There’s a big angles game going on here in the Pacific, and it will be the theme of this trip I imagine. Having spent so long gaining the north we wanted, it is slowly bleeding away again on our new tack. This is the unfortunate reality of beating, with our boat speed no longer an indication of actual progress towards our final destination. The only number of interest is our velocity made good (VMG), which tells us what our overall progress towards the end point is, taking into account our relative speed and angles. The aim of the game is to try and keep this number above 5kts; a fairly respectable number considering our end goal currently lies directly to windward. We really want to be going due east right now, but as that can’t happen, it’s going to be a slow and painful zig-zag down that ideal line, until we find the fabled seas of fine and beam reaching, promised later in the trip.
I plan our passages based on average VMGs, that dictating all the calculations from water consumption, to food plans, fuel requirements, and the hardest of all; ETAs. I dream of 7kts, wish for 6kts, hope for 5kts, plan for 4.5kts, and make contingencies for 3-4kts.
With port tack living in full swing, the debate has already begun. Ty has decided that he in fact prefers sleeping on the other tack, and I’ve realised I forgot to include my own bunk in the previous comparison, as it is so rarely frequented. Having used it for the second time since leaving Hawaii earlier today, I can confirm that it is a most unsatisfactory place to be on a port tack.
The yankee 1 has spent the day proving its colours as the versatile bit of canvas we remember it to be, due to the propensity of the wind to provide a highly variable and unpredictable range, as usual. Half the time I’m left wanting a slightly bigger sail, half the time I need a significantly smaller sail, and there’s a sweet spot somewhere in the middle where the yankee 1 is the perfect solution. Seeing as we don’t have a ‘slightly’ bigger sail, changing to the yankee 2 is probably a hour long affair all in, and all this variability does a full cycle in less time than this, the yankee 1 is stoically seeing us through the lot. Just like riding a motorbike really; either too hot, too cold, or too wet, with the occasional ride where it happens to be perfect for the kit you’re wearing at the time. With both contexts, the occasional 5 percent does tend to make the other 95 percent worthwhile, but it can take some mental perseverance to remember it.
Henry and I have thrown a few reefs in and out of the main to keep up with some of the longer lasting changes, and to keep up our daily quota of flat-out winch grinding at uncomfortable angles. He’s enjoying being back, and we’re enjoying having him back. I’m never taking a big, labour intensive boat such as this anywhere again without a 20 year old for whom the novelty of such things takes longer to wear off than for I. A vital component of all my future passage planning.
The galley is continuing to produce good food, and a thorough test for all those preparing it. Ty was on the receiving end of a big fridge ejection episode earlier. I heard some choice Aussie language like we never normally hear on this boat when it happened, almost testing my knowledge of the vocabulary that I became so familiar with during the 10 months I spent with a few Western Australians on a little round the world excursion, that feels like a long time ago now. Ty did recover enough humour to produce a top class salad for lunch though.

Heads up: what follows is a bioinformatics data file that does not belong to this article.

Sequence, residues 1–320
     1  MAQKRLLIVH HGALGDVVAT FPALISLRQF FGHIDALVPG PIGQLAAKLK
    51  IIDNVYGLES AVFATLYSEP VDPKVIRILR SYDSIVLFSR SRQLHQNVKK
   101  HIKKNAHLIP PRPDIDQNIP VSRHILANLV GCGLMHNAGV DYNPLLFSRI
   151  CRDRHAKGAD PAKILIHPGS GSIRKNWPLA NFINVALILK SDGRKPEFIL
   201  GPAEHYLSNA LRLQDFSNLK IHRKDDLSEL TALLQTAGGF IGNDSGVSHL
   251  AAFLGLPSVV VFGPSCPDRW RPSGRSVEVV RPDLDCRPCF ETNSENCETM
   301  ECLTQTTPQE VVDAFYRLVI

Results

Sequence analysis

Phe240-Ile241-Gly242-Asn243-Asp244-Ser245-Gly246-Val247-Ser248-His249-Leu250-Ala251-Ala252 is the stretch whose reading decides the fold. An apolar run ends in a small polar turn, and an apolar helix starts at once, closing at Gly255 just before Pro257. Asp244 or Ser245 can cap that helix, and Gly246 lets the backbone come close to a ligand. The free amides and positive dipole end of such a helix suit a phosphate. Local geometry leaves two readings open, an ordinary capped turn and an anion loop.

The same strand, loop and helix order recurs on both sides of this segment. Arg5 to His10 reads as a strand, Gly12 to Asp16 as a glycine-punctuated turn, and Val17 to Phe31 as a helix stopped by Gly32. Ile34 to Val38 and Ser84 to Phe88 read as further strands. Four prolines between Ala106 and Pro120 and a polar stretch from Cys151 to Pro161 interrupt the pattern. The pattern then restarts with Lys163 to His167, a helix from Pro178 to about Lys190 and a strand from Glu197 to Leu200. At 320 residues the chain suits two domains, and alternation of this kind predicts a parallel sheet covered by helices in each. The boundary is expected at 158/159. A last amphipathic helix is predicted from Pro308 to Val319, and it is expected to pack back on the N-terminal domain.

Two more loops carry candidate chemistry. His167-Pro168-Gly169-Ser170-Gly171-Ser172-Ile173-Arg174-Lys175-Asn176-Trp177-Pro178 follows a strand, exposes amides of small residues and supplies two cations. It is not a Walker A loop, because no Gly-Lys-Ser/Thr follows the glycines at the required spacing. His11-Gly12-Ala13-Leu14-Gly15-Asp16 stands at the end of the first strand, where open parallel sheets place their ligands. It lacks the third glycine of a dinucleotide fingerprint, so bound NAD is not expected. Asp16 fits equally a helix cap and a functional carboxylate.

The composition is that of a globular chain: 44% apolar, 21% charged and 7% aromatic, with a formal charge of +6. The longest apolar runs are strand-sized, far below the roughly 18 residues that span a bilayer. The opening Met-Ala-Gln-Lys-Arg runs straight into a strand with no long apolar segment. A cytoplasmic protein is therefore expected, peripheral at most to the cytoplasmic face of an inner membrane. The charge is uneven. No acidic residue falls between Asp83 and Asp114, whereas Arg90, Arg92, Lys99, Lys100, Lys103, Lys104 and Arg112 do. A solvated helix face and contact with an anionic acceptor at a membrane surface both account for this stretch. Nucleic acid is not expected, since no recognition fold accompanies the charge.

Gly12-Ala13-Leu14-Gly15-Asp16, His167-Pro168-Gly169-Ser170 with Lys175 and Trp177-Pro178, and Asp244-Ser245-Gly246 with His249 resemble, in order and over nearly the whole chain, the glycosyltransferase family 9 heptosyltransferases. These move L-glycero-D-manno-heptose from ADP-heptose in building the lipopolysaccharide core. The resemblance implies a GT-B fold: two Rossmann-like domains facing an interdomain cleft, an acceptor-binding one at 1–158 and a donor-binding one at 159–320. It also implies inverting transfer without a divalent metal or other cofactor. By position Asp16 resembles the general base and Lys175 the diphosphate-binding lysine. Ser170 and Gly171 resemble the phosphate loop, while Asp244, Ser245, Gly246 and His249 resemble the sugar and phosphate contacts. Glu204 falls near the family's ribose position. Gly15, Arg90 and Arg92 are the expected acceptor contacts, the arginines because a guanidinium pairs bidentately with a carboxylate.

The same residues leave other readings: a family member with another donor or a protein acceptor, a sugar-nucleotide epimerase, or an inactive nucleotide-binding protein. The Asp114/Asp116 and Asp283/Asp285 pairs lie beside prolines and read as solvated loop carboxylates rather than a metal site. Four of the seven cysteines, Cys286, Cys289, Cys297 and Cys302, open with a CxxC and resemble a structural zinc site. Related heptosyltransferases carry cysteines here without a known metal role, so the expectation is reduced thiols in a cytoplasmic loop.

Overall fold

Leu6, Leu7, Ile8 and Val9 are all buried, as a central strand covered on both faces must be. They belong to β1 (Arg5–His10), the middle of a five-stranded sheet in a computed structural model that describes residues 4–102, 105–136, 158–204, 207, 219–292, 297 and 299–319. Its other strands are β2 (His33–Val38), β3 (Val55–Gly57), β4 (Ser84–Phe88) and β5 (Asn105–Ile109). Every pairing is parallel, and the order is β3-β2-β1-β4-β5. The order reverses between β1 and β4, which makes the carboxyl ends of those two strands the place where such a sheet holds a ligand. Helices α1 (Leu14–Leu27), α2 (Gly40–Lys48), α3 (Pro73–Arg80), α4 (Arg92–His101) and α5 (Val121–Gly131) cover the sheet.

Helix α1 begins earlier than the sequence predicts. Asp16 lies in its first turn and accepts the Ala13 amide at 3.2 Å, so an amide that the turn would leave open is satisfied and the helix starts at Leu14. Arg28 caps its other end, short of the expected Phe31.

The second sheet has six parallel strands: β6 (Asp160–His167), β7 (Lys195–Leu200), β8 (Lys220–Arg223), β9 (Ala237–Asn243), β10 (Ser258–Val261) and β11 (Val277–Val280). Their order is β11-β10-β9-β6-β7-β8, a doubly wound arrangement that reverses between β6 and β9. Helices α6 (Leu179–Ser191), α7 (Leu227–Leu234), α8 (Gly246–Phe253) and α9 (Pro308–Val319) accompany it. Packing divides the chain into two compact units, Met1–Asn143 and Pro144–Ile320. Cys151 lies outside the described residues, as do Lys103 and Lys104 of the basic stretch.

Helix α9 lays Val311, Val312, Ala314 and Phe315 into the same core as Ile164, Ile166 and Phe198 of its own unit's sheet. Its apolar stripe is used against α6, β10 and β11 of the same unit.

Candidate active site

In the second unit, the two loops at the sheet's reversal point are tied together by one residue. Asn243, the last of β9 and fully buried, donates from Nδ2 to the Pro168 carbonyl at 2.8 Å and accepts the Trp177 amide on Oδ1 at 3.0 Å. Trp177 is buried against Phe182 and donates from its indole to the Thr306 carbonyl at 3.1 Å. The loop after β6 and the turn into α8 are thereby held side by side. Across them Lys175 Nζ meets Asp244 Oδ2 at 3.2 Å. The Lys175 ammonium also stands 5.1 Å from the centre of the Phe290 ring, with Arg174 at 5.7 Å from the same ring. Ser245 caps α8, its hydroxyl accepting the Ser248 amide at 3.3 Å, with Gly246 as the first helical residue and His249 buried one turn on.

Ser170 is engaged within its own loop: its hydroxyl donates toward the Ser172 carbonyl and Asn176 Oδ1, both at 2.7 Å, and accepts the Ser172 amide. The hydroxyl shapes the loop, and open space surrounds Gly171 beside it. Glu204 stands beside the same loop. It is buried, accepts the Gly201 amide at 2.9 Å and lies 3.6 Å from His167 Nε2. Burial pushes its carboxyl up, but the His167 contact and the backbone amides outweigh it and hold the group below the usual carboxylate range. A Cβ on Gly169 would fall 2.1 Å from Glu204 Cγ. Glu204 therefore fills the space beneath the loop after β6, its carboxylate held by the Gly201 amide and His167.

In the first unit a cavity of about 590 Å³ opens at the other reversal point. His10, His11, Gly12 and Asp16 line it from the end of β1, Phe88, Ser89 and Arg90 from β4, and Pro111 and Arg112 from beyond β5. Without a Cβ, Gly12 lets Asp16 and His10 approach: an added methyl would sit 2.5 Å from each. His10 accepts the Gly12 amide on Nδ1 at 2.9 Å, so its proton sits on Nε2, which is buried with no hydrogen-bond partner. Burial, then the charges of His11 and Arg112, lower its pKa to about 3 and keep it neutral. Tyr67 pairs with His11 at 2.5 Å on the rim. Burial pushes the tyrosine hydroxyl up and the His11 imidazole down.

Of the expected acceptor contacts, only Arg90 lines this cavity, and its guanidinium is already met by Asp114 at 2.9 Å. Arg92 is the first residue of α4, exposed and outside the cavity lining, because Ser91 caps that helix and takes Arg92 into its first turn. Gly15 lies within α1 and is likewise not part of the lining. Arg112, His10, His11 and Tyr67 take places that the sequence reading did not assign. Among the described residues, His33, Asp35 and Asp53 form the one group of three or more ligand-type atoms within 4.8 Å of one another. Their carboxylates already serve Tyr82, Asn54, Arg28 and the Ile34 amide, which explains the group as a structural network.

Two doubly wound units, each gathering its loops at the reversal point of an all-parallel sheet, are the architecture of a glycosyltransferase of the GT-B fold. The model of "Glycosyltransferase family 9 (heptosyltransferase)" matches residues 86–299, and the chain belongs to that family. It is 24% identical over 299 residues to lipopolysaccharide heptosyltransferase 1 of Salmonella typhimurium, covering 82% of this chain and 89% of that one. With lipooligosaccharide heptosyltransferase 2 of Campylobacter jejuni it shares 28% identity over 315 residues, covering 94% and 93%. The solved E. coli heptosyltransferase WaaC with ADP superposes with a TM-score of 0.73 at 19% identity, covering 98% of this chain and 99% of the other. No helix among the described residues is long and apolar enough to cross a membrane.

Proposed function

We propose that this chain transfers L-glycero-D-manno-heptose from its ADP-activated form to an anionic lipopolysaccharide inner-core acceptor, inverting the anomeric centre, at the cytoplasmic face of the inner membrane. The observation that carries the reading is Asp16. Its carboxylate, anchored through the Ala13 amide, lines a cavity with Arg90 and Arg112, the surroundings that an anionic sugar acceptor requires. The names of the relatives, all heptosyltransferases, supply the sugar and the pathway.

Cooking while sailing to windward has nothing to do with cooking really; it’s purely your ability to push on through what it is a miserable experience, with everything possible conspiring against you. A war of mental attrition, you versus the boat, and seeing as the boat won’t give up (or at least you hope it won’t), the only thing to do is knuckle down and crack on with it, taking solace that you’ve made 4 other people lives better in sparing them the experience, for that occasion at least.
The dizzy heights of 26°N have already made a marked difference in temperature, which is most welcome. Jumpers and jackets now feature during the day for the first time in a long while, and below decks is now one small step closer to being officially classed as fit for human habitation. We’re all pretty over sailing in the tropics, and want some nice, dry, cold for change. A fresh cold walk, followed by a nice warm pub would go down incredibly well right now.
Since writing the first paragraph of this, the requirement to make ≥5kts VMG has taken on a new significance. We’re on the last two bags of coffee. Serious business this. Our stocks of wonderful Mercator blend from The Coffee Mongers of Lymington has lasted us all the way from the UK, seeing us through the best and worst of times throughout. The question is, will upping the consumption now make us sail faster, and therefore less likely to run out, or should we ration. Possibly the most serious decision-making I’ve had to do since having a naked German on the saloon table covered in burns and a wrapped spinnaker in 30kts of breeze on an oh so dark night off the Columbian coastline. Exciting evening that. They both survived.
Date: 24th June 2017
Position: 26°27.0N 152°52.5W
Wind: ENE 4
Swell: NE 3-5ft
Sky: Stratocumulus 4/8
Weather: Fair, with much less significant squall activity last night
With the support of our partner Weather Routing Inc.
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